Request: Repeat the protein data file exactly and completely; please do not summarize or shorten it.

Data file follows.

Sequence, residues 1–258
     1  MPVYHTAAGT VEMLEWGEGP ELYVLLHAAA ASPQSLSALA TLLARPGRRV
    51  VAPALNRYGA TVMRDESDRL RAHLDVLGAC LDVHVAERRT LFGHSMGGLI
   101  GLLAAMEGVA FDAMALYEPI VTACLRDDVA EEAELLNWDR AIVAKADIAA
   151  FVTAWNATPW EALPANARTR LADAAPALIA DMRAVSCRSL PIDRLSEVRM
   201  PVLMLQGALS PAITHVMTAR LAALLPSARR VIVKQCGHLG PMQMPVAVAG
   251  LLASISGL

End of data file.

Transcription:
Sequence, residues 1–258
     1  MPVYHTAAGT VEMLEWGEGP ELYVLLHAAA ASPQSLSALA TLLARPGRRV
    51  VAPALNRYGA TVMRDESDRL RAHLDVLGAC LDVHVAERRT LFGHSMGGLI
   101  GLLAAMEGVA FDAMALYEPI VTACLRDDVA EEAELLNWDR AIVAKADIAA
   151  FVTAWNATPW EALPANARTR LADAAPALIA DMRAVSCRSL PIDRLSEVRM
   201  PVLMLQGALS PAITHVMTAR LAALLPSARR VIVKQCGHLG PMQMPVAVAG
   251  LLASISGL